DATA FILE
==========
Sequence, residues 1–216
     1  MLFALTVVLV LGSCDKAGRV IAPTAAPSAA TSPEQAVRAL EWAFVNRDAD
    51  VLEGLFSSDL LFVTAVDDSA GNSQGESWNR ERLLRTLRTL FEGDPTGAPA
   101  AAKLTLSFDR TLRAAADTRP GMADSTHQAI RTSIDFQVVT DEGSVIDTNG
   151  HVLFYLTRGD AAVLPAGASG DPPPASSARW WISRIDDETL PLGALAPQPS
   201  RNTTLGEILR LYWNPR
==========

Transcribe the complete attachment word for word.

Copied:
Sequence, residues 1–216
     1  MLFALTVVLV LGSCDKAGRV IAPTAAPSAA TSPEQAVRAL EWAFVNRDAD
    51  VLEGLFSSDL LFVTAVDDSA GNSQGESWNR ERLLRTLRTL FEGDPTGAPA
   101  AAKLTLSFDR TLRAAADTRP GMADSTHQAI RTSIDFQVVT DEGSVIDTNG
   151  HVLFYLTRGD AAVLPAGASG DPPPASSARW WISRIDDETL PLGALAPQPS
   201  RNTTLGEILR LYWNPR